Limits...
Confounding by repetitive elements and CpG islands does not explain the association between hypomethylation and genomic instability.

Harris RA, Shaw C, Li J, Cheung SW, Coarfa C, Jeong M, Goodell MA, White LD, Patel A, Kang SH, Chinault AC, Gambin T, Gambin A, Lupski JR, Milosavljevic A - PLoS Genet. (2013)

View Article: PubMed Central - PubMed

Affiliation: Bioinformatics Research Laboratory, Epigenome Center, Baylor College of Medicine, Houston, Texas, USA.

AUTOMATICALLY GENERATED EXCERPT
Please rate it.

In our recent article, we reported an association between hypomethylation and genomic instability... Once the regions have been removed from the genome, Watson et al. claim the association between hypomethylation and genomic instability disappears... We applied the same method to all five sample sets brought up by Watson et al. —HapMap270, HapMap450, WTCCC, Schizophrenia Cases, and Schizophrenia Controls... As documented in Tables S1 and S2, in all five sample sets hypomethylation remained highly significantly associated with CNV density after correction for all of the “confounders” individually and in combination... All three models gave consistent results for all confounders in all five sample sets. (Table S2 describes regression models, output, and the input data extracted from our original paper sufficient to run a statistical program such as R to obtain the output.) We also employed zero-inflated negative binomial and Poisson regression models, and found completely concordant results... We therefore conclude that the assertions regarding “confounding” are not consistent with the data available... In this context it is surprising that Watson et al. fail to mention that our article considered, examined, and ruled out this possibility: “One could expect that if the windows with MI = 0 were due to low probing density, the windows within the higher mode would have fewer SNPs or CpGs... However, we examined potential biases in MI estimation due to variations in the number of SNPs, CpGs, read coverage (Figure S6CD), or sampling events (Figure S7BD) and found no significant difference between the two modes, ruling out the possibility that the two modes may be explained by variation in mappability or shallow sampling... Watson et al. ignore this possibility without sound justification while claiming that this pattern somehow provides evidence against any connection of hypomethylation and genomic instability... Fifth, contrary to what Watson et al. claim, our article does not state that hypomethylation plays a causative role in genomic instability... In summary, we thank Watson et al. for their efforts and further examination of our reported observations... Nevertheless, we find that the arguments put forward in the comment do not diminish the strength of our reported findings... Specifically, our analyses of the confounding factors suggested by Watson et al. do not diminish the contention that genomic correlates may provide only a partial explanation for the hotspots of genomic instability.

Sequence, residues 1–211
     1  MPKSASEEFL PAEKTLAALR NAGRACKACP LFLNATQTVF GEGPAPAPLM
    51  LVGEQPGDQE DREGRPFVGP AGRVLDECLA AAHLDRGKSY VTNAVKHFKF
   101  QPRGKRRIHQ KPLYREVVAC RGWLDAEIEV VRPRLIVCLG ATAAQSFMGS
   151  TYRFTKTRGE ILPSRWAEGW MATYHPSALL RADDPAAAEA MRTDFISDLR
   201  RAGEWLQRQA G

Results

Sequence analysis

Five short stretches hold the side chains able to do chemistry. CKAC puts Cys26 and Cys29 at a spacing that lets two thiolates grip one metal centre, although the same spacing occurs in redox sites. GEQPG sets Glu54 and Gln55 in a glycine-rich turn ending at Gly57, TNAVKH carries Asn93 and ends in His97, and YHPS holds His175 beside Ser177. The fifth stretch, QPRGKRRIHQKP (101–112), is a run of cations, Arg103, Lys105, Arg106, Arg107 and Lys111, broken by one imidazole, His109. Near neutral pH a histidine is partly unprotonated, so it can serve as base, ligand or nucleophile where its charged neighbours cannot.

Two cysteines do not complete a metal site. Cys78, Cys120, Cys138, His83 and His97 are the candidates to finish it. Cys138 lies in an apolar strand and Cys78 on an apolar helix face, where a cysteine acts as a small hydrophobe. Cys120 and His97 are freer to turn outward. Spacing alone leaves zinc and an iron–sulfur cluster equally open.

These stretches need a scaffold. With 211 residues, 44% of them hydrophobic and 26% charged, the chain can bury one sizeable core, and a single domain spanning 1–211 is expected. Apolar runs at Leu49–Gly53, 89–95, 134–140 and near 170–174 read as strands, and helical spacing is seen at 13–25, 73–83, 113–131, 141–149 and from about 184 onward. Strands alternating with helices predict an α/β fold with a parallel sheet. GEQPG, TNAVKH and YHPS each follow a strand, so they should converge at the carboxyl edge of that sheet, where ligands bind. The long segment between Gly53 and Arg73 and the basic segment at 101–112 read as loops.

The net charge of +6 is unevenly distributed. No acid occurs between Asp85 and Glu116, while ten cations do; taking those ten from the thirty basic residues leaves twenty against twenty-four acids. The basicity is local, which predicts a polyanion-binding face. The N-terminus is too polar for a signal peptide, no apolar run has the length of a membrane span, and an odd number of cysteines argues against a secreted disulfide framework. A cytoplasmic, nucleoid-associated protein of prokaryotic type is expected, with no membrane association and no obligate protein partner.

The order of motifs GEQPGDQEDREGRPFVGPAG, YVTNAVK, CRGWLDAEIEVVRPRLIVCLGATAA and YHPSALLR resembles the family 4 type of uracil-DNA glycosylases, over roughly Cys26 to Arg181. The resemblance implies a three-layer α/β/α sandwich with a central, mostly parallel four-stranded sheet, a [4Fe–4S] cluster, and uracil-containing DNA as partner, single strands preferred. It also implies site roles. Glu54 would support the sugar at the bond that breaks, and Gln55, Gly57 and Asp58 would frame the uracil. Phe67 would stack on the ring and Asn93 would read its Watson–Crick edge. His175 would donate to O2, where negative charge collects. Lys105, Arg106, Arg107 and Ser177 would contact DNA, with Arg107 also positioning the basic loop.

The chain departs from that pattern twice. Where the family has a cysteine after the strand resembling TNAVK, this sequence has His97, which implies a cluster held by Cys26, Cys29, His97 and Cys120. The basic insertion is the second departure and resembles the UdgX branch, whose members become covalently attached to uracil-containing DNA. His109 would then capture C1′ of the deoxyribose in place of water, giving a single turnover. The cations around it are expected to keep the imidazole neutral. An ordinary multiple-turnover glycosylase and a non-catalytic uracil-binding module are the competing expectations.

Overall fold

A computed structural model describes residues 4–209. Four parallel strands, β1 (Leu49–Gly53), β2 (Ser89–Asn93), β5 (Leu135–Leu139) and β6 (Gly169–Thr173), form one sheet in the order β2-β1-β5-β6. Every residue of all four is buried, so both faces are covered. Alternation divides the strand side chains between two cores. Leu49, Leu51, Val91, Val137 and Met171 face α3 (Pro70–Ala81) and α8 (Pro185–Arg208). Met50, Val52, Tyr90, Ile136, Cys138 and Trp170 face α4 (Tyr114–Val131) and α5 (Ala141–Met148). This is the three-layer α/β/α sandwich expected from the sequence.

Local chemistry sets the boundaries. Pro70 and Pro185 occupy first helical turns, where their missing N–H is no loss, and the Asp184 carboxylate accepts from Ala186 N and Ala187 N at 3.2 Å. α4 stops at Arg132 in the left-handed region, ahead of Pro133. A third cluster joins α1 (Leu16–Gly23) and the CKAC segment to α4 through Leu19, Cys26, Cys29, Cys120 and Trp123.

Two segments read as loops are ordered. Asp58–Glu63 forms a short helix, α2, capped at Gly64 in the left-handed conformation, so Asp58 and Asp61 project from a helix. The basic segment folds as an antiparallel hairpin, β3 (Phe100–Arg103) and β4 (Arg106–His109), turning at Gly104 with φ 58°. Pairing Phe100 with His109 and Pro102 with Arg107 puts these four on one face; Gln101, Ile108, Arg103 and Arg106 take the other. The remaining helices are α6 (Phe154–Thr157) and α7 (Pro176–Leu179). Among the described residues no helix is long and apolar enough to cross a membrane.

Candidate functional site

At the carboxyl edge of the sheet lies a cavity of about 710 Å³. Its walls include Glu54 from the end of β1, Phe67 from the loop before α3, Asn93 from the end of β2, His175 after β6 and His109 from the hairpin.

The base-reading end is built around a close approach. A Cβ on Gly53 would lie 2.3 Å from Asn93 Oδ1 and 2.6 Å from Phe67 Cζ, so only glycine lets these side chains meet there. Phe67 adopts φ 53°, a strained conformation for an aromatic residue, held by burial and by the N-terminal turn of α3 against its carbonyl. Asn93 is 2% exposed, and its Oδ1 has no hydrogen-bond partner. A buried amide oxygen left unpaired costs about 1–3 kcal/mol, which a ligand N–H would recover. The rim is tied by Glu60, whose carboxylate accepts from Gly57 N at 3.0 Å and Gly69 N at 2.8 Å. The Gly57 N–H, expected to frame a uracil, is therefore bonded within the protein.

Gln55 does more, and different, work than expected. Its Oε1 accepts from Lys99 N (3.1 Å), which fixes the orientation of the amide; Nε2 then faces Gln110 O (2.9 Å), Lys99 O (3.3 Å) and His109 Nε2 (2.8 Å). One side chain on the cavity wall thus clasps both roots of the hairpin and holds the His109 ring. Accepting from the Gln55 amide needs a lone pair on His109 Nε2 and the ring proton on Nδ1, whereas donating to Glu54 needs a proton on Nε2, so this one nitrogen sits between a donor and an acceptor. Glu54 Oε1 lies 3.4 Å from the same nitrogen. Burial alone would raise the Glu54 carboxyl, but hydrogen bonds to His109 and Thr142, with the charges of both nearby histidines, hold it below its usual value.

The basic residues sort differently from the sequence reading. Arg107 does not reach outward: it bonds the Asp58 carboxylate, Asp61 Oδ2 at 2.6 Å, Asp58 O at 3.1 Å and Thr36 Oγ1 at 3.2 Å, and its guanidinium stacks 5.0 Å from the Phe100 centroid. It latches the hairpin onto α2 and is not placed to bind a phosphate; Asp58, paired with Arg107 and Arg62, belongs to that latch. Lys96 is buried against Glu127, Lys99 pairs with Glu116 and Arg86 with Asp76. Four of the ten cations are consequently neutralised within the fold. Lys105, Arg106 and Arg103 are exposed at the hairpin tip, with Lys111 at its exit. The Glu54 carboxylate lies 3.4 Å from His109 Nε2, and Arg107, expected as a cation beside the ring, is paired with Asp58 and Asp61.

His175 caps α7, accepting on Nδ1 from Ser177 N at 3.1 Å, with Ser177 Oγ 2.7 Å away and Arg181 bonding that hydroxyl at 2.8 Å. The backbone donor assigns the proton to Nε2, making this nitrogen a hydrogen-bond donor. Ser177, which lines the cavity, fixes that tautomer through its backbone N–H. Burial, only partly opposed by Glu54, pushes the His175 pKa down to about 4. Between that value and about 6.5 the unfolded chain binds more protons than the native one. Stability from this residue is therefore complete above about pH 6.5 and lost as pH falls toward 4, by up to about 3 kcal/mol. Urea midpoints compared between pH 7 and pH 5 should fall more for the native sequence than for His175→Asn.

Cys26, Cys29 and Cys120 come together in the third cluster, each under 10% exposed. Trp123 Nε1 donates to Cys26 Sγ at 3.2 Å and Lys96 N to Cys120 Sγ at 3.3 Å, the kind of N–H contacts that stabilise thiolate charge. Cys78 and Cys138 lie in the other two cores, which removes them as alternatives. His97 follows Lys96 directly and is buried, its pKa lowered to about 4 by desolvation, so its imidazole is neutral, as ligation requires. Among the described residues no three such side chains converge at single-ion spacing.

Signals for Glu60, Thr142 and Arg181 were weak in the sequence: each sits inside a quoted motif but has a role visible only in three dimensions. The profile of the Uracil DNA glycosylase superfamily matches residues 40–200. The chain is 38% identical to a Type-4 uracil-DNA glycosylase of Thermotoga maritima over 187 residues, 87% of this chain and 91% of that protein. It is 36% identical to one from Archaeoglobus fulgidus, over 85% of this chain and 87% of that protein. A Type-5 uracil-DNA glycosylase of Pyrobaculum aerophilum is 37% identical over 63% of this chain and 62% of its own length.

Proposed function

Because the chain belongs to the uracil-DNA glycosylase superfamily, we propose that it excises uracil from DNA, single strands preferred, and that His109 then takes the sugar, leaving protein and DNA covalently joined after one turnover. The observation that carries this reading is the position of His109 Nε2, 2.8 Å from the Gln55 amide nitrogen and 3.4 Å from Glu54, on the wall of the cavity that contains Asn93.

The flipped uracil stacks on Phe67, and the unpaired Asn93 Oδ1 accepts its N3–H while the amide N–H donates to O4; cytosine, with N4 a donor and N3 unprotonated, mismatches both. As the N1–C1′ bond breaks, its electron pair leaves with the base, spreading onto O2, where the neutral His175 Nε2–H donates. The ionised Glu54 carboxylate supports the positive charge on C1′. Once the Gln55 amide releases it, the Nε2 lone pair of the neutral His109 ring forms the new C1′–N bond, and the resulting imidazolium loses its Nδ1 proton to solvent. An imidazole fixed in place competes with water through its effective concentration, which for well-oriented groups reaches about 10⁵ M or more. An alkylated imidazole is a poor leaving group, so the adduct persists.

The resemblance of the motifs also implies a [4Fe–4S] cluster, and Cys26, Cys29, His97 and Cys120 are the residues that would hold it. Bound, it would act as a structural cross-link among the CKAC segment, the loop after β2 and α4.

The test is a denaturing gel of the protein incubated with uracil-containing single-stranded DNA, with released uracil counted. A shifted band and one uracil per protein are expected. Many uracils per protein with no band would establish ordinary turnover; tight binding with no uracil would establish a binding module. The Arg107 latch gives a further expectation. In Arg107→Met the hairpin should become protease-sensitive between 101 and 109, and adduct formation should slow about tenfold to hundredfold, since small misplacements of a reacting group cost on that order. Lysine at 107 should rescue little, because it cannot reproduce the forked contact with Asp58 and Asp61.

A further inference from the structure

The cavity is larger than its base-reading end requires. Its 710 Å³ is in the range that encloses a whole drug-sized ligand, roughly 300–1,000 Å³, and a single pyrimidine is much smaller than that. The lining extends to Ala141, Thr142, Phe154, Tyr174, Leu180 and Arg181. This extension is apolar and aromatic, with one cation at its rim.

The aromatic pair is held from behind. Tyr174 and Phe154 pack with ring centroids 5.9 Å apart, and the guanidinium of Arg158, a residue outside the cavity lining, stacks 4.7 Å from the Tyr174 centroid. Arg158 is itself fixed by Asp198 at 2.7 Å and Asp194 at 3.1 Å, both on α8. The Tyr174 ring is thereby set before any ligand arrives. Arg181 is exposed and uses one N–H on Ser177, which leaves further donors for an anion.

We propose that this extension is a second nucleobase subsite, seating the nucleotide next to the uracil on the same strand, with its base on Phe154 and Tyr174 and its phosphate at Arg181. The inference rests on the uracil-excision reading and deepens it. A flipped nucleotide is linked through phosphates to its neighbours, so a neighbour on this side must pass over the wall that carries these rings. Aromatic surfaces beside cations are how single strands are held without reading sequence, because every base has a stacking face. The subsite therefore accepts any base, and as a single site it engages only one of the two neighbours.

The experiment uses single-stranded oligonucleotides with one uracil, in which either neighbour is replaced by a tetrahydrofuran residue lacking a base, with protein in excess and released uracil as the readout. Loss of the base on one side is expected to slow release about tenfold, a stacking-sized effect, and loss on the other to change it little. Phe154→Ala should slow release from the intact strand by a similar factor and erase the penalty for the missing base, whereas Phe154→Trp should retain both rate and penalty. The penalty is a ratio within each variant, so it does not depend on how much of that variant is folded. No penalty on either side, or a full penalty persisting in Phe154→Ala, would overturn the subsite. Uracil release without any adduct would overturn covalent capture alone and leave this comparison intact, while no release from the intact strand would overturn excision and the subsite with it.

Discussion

Show MeSH

Related in: MedlinePlus

Predictive power of methylation and other genomic factors for CNV counts.Predictive power of methylation, CpG island content, and repetitive element content (LINE, SINE, LTR, and Satellites) was measured using Akaike information criterion (AIC). For all five datasets, negative binomial regression was performed using all six factors and all six combinations of five factors (one factor being removed at a time). The y-axis represents the predictive power of a factor, as measured by the improvement of the AIC score based on all six factors relative to the AIC score without the factor. Note that this method measures predictive power of a factor after correction for any potential confounding due to other factors. (The detailed calculations and input data are in Supporting Information.)
© Copyright Policy
Related In: Results  -  Collection

License
getmorefigures.php?uid=PMC3585018&req=5

pgen-1003333-g001: Predictive power of methylation and other genomic factors for CNV counts.Predictive power of methylation, CpG island content, and repetitive element content (LINE, SINE, LTR, and Satellites) was measured using Akaike information criterion (AIC). For all five datasets, negative binomial regression was performed using all six factors and all six combinations of five factors (one factor being removed at a time). The y-axis represents the predictive power of a factor, as measured by the improvement of the AIC score based on all six factors relative to the AIC score without the factor. Note that this method measures predictive power of a factor after correction for any potential confounding due to other factors. (The detailed calculations and input data are in Supporting Information.)

Mentions: We first applied the Negative Binomial regression model [4], because it is commonly used for overdispersed variables and is a well-accepted and robust method for count data such as CNV counts. We applied the same method to all five sample sets brought up by Watson et al.—HapMap270 [5], HapMap450 [6], WTCCC [7], Schizophrenia Cases, and Schizophrenia Controls [8]. As documented in Tables S1 and S2, in all five sample sets hypomethylation remained highly significantly associated with CNV density after correction for all of the “confounders” individually and in combination. As illustrated in Figure 1, as measured by AIC, methylation was more predictive of CNV counts per 100-Kbp window by an order of magnitude than any other factor.